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Topic: focus
Replies: 21   Last Post: Aug 1, 1996 12:07 PM

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Howard L. Hansen

Posts: 48
Registered: 12/6/04
Re: focus
Posted: Jul 29, 1996 2:23 PM
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Andre TOOM wrote:

> By Guidelines you probably mean the documents published by NCTM and
> often called `Standards'. I would rather call them misguidelines.
> Let us look at p.139 of ``Curriculum and Evaluation Standards'':
>
> ``Real-world problem situation. In a two-player game, one point is
> awarded at each toss of a fair coin. The player who first attains
> n points wins a pizza.Players A and B commence play: however, the
> game is interrupted at a point at which A and B have unequal scores.
> How should the pizza be divided fairly? (The intuitive division, that
> A should receive an amount in proportion to A's score divided by the
> sum of A's score and B's score, has been determined to be inequitable.)''
>
> Let us leave aside the mysterious phrase ``has been determined''.
> (This phrase alone tells any competent math educator that this is a hoax.)

> >From the text in the brackets we learn that the pizza should be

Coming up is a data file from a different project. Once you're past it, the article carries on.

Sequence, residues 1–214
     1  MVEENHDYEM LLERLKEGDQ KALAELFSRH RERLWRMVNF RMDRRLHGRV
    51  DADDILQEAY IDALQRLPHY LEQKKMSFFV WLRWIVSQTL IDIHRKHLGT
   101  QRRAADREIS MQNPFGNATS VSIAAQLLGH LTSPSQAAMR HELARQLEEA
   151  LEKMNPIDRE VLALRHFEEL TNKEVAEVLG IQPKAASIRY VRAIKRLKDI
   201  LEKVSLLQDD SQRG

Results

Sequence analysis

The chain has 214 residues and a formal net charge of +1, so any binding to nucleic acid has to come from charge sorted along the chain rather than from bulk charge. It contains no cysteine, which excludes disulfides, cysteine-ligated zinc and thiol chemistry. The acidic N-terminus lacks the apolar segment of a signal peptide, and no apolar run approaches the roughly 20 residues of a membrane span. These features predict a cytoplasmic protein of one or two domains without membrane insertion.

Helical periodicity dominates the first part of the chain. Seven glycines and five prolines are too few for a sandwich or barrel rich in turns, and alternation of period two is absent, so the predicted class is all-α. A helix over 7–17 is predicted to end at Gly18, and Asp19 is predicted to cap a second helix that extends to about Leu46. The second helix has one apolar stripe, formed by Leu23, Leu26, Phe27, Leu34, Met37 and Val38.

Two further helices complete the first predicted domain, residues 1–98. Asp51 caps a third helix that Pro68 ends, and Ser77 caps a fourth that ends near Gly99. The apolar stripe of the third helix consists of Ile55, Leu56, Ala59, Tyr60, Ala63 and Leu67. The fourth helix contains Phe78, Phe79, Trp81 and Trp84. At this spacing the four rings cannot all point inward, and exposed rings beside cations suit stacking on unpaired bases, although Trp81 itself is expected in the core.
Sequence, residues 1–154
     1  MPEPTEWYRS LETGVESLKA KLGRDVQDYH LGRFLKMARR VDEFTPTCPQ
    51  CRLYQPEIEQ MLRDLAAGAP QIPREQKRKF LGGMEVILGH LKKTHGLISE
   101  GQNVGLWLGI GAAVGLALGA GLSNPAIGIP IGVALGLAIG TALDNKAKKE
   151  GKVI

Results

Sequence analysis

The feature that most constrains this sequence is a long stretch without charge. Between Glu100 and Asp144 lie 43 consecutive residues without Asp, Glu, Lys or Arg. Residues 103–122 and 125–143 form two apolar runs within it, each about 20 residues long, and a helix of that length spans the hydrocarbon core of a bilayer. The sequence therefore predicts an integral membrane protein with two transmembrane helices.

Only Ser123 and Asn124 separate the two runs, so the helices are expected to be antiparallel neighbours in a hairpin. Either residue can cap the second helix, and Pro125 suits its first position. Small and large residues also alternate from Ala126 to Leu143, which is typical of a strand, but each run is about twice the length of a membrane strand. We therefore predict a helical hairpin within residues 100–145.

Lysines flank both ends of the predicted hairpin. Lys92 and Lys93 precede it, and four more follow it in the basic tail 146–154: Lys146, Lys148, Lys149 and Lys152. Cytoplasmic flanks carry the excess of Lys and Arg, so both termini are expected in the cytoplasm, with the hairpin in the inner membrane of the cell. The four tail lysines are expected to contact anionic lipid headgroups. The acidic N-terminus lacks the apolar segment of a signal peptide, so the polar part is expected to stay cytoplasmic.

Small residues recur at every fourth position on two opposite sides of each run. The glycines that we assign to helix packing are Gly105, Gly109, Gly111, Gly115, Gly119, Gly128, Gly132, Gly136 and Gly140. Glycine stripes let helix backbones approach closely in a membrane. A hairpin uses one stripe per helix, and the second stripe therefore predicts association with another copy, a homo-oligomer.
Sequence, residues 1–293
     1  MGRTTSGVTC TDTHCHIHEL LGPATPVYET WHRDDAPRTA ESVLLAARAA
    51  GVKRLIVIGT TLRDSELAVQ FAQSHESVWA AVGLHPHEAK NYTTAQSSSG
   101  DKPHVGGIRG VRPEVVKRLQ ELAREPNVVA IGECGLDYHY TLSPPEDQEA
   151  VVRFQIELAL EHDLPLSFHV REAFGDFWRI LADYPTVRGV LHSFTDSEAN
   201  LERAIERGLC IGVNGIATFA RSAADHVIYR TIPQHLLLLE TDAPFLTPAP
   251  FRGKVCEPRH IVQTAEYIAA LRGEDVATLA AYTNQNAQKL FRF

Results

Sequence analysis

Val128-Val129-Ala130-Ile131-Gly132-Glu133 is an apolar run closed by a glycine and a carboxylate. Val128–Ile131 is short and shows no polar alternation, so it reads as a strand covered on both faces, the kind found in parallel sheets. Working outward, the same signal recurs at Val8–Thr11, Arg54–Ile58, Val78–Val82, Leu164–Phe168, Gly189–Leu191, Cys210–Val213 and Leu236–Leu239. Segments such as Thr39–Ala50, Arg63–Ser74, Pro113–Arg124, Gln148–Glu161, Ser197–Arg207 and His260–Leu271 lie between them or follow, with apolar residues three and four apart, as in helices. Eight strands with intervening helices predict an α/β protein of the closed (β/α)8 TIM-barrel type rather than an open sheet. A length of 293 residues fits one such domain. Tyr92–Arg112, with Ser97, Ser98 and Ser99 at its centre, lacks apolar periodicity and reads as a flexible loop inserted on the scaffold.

> divided equitably. But the most equitable division is half-and-half!
> What do the authors really want?
>
> Then they set a mathematical problem, which has nothing to do
> with equity, solve it and write:
>
> ``Validation in original real-world problem situation. Empirical evidence
> gained from actually playing out the game many times or, more easily,
> from computer simulation (using random numbers to represent coin tosses)
> confirms this solution.''
>
> Here the verb `confirms' is in the Present Indefinite tense,
> which is normally used in the English language to denote action
> which actually takes place in present. Does it mean that somebody
> actually played this game or simulated it using a computer when
> the book was written? I am sure that not. NOBODY PLAYED THIS
> GAME AND NOBODY SIMULATED IT. How do I know it? Because if
> somebody tried to do it, he or she would immediately notice
> that playing or simulation does not confirm anything, because
> there is nothing to confirm.
> So much about Guidelines, their authors, their concern about
> probability and solving problems and their competence
> in mathematics, education and English.
>


Contrived? Perhaps. But surely Professor Toom recognizes this classic
problem--The Problem of the Points--which by many accounts spawned the
modern era in probability. Here the Standards suggest using a geometric
approach to solving the problem, but certainly one could eventually make
the connection to Pascal's Triangle and extensions. I'm not sure I
would disguise the problem as was done here, but that's a matter of
taste.
I have played the game and simulated it many times on a computer. I do
not however recognize the term "Present Indefinite" tense. Perhaps
others will clarify.

H^2
--
Howard L. Hansen
Assistant Professor of Mathematics
Western Illinois University
Macomb, IL 61455
http://www.ECNet.Net/users/mfhlh/wiu/index.htm
"Good mathematics is not how many answers you know,
but how you behave when you don't know the answer."





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